WordPress is a very secure CMS. However WordPress site owners that don’t have a plan to keep their site secure will become vulnerable to hacking.
Keeping your WordPress site secure. It’s a case of balancing risk versus cost.
Building a site using a free theme, and lots of free plugins may save you money initially, but it opens you up to the risk of hacking that can have a serious impact on the financial health of your business. That problem is compounded even more if you don’t regularly update your site. So you need to ask yourself – is that initially cheap website really going to save me money? Or is going to end up costing me?
If, on the other hand, you carefully choose the theme, only use vetted and absolutely necessary plugins, ALWAYS keep everything up-to-date, enable two factor authentication, and add a firewall, then you can breathe easier knowing your site is secure.
But there is a cost to all that security.
Selecting a theme and plugins
Not all themes and plugins are created equal. There are thousands of WordPress themes out there. Some are cheap or free, while others come at a premium. Why such a variance in price? Well, some may have been built by a student in his bedroom, while another had a whole team of engineers from a reputable company working on it.
How do you spot the difference? A good place to start is to research who created the theme, look at reviews and supporting documentation, see how often the theme is updated, and how many installs it has. Check with your web developer too – have they used this theme before?
The same is true with plugins. They’re a cost-effective way to add functionality to a WordPress site. But each plugin increases the risk of hacking. So choose them wisely, with the aim of using as few as possible. Use only plugins that come from respected developers, who regularly support and update them. The moment they’re no longer needed for your site, remove them.
Keeping things up to date
Anyone who has a WordPress site and has merrily applied updates with no thought or care, will have experienced a broken site at some point. This usually happens because a feature their site uses has been deprecated, changes to the theme break their page layout, or even because of a conflict between two plugins.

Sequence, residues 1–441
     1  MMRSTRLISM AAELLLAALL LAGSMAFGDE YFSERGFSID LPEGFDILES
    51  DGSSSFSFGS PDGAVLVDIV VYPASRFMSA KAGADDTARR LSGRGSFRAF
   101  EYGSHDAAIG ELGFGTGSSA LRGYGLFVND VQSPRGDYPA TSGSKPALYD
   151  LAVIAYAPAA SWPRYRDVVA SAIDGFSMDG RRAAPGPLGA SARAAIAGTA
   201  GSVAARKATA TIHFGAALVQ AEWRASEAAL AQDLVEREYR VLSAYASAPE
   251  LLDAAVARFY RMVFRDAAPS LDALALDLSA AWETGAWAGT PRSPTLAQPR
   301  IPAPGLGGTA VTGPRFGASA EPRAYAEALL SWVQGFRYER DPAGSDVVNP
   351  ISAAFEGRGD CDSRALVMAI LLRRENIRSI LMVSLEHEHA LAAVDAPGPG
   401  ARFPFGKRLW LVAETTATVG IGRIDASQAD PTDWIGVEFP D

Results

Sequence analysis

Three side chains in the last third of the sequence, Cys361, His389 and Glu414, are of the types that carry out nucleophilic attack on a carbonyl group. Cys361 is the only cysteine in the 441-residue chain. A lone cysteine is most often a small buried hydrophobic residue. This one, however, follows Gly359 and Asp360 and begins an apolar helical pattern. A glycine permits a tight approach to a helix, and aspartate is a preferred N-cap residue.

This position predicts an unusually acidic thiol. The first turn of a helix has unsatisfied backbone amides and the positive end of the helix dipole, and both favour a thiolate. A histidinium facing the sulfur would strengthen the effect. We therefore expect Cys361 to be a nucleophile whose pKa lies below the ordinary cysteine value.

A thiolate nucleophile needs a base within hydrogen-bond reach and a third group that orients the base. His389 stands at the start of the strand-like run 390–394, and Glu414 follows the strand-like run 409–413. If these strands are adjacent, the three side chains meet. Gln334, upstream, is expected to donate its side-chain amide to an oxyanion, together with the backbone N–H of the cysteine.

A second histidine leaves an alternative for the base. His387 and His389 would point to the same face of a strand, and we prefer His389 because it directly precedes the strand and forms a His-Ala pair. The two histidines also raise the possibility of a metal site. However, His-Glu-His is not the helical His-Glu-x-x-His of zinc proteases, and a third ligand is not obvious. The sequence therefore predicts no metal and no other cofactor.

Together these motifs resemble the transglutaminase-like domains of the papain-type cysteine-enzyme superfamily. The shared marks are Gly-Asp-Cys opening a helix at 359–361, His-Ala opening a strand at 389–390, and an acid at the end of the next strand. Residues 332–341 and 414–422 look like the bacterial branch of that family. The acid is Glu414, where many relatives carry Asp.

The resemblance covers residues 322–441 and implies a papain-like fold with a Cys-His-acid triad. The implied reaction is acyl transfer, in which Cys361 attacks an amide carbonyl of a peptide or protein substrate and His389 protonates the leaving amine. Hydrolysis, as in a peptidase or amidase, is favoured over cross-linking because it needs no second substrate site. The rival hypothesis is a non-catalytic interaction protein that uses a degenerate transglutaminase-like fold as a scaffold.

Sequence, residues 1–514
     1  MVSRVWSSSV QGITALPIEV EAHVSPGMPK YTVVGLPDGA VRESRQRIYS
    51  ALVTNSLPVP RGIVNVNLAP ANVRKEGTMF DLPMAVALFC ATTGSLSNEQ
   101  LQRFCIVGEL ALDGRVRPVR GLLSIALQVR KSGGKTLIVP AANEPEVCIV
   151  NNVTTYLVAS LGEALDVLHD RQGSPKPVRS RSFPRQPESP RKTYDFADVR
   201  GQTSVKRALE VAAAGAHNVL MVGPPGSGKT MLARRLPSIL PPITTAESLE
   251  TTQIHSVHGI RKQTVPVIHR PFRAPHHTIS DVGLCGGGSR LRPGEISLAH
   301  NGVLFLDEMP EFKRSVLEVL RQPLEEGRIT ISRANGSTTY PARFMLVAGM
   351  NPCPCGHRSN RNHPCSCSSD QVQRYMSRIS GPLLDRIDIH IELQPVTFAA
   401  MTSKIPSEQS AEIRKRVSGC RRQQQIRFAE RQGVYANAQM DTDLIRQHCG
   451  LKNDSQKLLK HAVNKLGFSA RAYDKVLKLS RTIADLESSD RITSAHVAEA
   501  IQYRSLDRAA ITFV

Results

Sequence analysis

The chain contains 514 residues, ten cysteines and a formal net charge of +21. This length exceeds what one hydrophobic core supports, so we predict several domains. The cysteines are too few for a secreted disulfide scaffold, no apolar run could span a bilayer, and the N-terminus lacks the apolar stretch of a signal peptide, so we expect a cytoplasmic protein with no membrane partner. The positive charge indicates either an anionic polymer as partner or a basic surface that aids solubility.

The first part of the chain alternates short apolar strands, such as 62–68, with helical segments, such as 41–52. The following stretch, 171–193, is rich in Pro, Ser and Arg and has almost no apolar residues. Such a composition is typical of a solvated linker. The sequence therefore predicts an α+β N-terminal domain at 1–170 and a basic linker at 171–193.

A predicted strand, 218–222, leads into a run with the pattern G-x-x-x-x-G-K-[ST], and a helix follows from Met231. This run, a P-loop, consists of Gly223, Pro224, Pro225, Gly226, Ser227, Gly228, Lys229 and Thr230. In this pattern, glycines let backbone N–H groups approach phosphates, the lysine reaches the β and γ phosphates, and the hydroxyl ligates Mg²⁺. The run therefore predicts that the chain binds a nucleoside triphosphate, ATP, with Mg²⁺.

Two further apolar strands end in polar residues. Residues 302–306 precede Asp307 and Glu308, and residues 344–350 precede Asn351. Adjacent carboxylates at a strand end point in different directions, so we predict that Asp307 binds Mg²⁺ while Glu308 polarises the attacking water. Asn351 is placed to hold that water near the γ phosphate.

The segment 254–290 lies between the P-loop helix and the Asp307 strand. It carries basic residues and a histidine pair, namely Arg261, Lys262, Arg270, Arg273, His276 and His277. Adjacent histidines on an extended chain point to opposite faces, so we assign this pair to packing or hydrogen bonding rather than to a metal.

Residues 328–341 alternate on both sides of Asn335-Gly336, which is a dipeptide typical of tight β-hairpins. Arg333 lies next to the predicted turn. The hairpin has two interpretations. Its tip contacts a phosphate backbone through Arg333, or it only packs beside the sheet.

In the ideal scenario a well-managed WordPress site will consist of a staging site, and a live site. A developer will then apply updates first to the staging site. Only after fixing any breaks on the staging site are those updates applied to the live site.
Even when there are no breaks, someone has to check the site very carefully to determine there’s nothing wrong. This process takes time. In web development, time is money – so the best solution isn’t the cheapest solution.
Somewhere between applying all updates immediately, and never applying any updates is a middle ground.
Depending on your budget and your appetite for risk, you can have a developer apply updates on a quarterly, bi-annual or annual basis.
Even if you don’t keep a staging site on the server, a competent developer will copy your site to a development server. That’s where they will update and test first and only apply the changes to your live site when they have found and fixed any bugs.
The time it takes to do this depends on several factors: the level of customisation in your site; the functionality and size of your site; and on the changes in WordPress, or your theme and plugins (if WordPress, or your theme have a major version change expect things to take a little longer than for minor updates).
For many small businesses an annual update will be the right balance between cost and security. For high profile sites, government sites, or websites with sensitive information, a more frequent update is prudent.
Adding a firewall to your WordPress site adds an additional layer of security. Ideally the firewall loads first before WordPress and blocks any known bad actors from even visiting your site, let alone hacking it.
The easiest way to do this is to use a reputable security plugin such as Wordfence. A good firewall will protect your site against malware, Denial of Service attacks and SQL Injections.
Have a secure password and limit login attempts, or Enable Two Factor authentication.
It seems basic, but so many site owners choose a simple easy to remember password over a secure one.
At the most basic level:
Limit the number of people who have access to your website admin area, and give them each a separate username and password;
Create secure passwords. (12 characters or more with a mix of upper and lower case plus a number and a special character);
Change passwords when staff leave.
Use Loginizer or Wordfence to limit login attempts and prevent brute force attacks.
Enable two factor Authentication. Yes, it is a pain, but it works.